I did a lot of digging and moving dirt today. (I made the 10' by 3' mound in the picture above by shoveling dirt from elsewhere and heaving it over here. I know it doesn't look that big in the picture, but it is that big. I measured.) I wrote about this work over at curiousfarm. I like digging. I like doing the heavy work in the garden more than I like to fuss over delicate pruning and stuff. I'm sore, though. I'm sure I'll be more sore tomorrow. I'll use Taylor's gardening elixir tonight before bed!
*I* am still feeling very good -- relieved, at peace, excited -- about our new venture. D has had a hard couple of days, though, and I'm not sure how to help him through these feelings. I'm at a place in my own life where I don't expect concrete answers from anyone or anything. I work through my angst (which is just noise sometimes) by working hard on the house or the yard and by going on a walk. I don't dismiss his anger and feelings of being lost after the lay-off. I've experienced this, too. It's just that I don't know any way through that pain and ickiness except by getting busy with real things. As far as I can see, the vegetables, chickens, and dirt don't play petty politics. I trust them not to screw me over intentionally. So, while I'm tender, it makes sense to give my energy to the garden. However, this week, D isn't finding the joy in that.
For me, my goals are simple: really work the garden this year and spend as little money as possible doing so. We'll have to make some investments (seeds, blueberry bushes, chickens, maybe some soil ammendments), and we'll have to be smart about these purchases. We won't be getting any doo-dads or implements to make our work easier. We'll have to use our muscles and our minds to make this all pencil out.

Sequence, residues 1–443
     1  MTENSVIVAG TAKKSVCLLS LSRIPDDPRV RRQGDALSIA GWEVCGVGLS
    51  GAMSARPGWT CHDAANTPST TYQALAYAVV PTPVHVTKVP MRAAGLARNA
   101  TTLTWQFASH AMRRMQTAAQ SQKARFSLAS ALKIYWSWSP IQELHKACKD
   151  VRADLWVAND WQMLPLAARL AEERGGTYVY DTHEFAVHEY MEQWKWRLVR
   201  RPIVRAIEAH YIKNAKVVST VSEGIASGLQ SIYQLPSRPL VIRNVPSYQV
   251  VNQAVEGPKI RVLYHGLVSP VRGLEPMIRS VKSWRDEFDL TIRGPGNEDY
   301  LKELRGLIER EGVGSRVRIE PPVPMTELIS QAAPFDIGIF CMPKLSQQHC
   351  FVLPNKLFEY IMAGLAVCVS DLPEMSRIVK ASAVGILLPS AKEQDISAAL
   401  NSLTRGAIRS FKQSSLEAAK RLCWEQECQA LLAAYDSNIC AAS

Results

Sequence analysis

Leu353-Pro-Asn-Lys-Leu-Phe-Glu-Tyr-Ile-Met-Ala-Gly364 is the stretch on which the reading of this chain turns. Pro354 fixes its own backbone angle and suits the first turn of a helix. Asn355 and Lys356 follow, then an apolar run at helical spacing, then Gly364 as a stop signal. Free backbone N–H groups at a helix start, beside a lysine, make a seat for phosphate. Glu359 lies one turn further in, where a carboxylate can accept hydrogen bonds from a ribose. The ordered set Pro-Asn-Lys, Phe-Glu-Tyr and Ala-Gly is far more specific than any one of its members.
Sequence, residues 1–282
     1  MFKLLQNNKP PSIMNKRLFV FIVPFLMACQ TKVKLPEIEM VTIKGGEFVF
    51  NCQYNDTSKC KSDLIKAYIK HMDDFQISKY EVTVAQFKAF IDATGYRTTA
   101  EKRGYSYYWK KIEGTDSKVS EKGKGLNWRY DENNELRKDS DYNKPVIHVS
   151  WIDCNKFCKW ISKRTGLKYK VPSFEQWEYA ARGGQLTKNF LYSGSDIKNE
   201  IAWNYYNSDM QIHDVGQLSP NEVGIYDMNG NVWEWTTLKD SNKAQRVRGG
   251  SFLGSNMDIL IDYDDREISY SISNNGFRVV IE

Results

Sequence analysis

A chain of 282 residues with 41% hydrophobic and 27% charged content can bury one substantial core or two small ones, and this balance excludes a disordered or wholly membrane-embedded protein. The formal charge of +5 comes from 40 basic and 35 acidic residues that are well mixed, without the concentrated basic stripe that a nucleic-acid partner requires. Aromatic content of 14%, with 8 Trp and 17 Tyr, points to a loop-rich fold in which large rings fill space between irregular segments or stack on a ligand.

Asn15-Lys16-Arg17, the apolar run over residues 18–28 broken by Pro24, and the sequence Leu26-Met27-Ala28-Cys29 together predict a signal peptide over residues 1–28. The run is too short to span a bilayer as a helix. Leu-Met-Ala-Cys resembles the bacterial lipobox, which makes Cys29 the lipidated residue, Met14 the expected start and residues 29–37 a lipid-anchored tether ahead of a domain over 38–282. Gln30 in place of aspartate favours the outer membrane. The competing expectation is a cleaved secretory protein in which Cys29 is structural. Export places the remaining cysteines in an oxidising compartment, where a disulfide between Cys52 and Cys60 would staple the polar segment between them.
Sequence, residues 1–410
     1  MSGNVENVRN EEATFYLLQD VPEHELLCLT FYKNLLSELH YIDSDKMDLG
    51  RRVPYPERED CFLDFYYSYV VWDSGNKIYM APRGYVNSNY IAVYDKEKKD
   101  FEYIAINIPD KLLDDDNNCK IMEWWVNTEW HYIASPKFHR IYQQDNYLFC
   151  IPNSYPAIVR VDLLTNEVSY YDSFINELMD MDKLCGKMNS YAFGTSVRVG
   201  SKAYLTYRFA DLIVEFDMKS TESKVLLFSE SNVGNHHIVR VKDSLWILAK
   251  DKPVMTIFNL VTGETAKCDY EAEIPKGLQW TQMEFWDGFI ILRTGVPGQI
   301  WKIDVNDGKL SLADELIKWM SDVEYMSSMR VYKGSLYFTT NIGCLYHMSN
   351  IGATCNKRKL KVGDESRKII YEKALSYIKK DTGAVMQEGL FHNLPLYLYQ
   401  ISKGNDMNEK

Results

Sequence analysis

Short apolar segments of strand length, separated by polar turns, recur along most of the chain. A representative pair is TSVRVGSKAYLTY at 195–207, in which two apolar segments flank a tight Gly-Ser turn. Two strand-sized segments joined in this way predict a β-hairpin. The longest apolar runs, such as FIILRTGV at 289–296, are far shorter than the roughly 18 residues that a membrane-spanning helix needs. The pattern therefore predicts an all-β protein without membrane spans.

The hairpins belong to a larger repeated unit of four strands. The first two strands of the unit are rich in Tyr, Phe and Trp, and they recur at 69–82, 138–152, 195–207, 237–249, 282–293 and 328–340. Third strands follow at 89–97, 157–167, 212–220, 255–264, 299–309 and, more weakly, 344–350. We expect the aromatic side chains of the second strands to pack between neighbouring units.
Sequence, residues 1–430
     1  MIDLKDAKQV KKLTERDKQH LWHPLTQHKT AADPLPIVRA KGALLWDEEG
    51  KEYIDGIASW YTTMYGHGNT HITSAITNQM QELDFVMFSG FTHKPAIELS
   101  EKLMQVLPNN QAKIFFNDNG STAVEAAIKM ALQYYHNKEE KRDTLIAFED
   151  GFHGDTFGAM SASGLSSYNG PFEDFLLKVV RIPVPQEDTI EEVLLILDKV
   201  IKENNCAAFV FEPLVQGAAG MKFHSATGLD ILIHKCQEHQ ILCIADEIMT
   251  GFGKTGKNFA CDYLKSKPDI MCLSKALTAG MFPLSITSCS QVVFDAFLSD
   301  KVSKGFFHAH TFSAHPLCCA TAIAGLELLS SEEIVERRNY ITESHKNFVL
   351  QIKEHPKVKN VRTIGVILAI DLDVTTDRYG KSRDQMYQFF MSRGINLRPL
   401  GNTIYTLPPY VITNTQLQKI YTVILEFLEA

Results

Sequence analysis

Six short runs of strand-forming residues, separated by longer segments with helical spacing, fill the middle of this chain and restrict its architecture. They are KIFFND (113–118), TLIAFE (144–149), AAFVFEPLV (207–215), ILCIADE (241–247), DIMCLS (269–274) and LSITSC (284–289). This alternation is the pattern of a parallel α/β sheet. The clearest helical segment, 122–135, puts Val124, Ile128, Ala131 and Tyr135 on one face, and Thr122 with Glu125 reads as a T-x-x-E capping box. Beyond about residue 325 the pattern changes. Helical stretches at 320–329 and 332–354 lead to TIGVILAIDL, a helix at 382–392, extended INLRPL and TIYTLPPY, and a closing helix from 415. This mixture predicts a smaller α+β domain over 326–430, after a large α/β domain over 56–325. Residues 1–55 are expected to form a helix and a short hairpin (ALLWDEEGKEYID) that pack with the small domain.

If the only things that happen this year are that we grow most of our own vegetables and sell a couple of dozen eggs, then I will count this venture as a success for the year. We can build on that success for next year -- when, hopefully, we'll get into a good rhythm with selling vegetables and eggs and finding our niche.
There are many challenges ahead of us in order to grow just the vegetables we need. We have never been the best carrot growers, for instance. Our cabbages sucked (very sad because of the sauerkraut and kimchi-making I do). The beets I grew were more minerally than sweet. And you might remember all of those green tomatoes? So I have a lot of drama swirling around in my heart as I move forward with this intention of growing substantially more of our produce than ever before.
But I feel good. I think we can meet my goal. We have come so far already in the almost seven years we've lived here. We've been building the soil religiously. Every year we grow and save more.
Now that E is older (she turns 5 on Friday! She wants her cake to say, "I want a fine birthday!" ), D and I are able to work out there while she does her own garden projects. She's very aware of how important the garden is and enjoys helping. She's also very smart about it all and comes up with connections and insights that blow me away.
My energy (physical, mental, spiritual) feels more focused and free now that we have a shared vision for what we want to do. D and I argue and challenge one another over little things, but we both share the hope that our garden might sustain us more deeply. This is very good, and I am very lucky.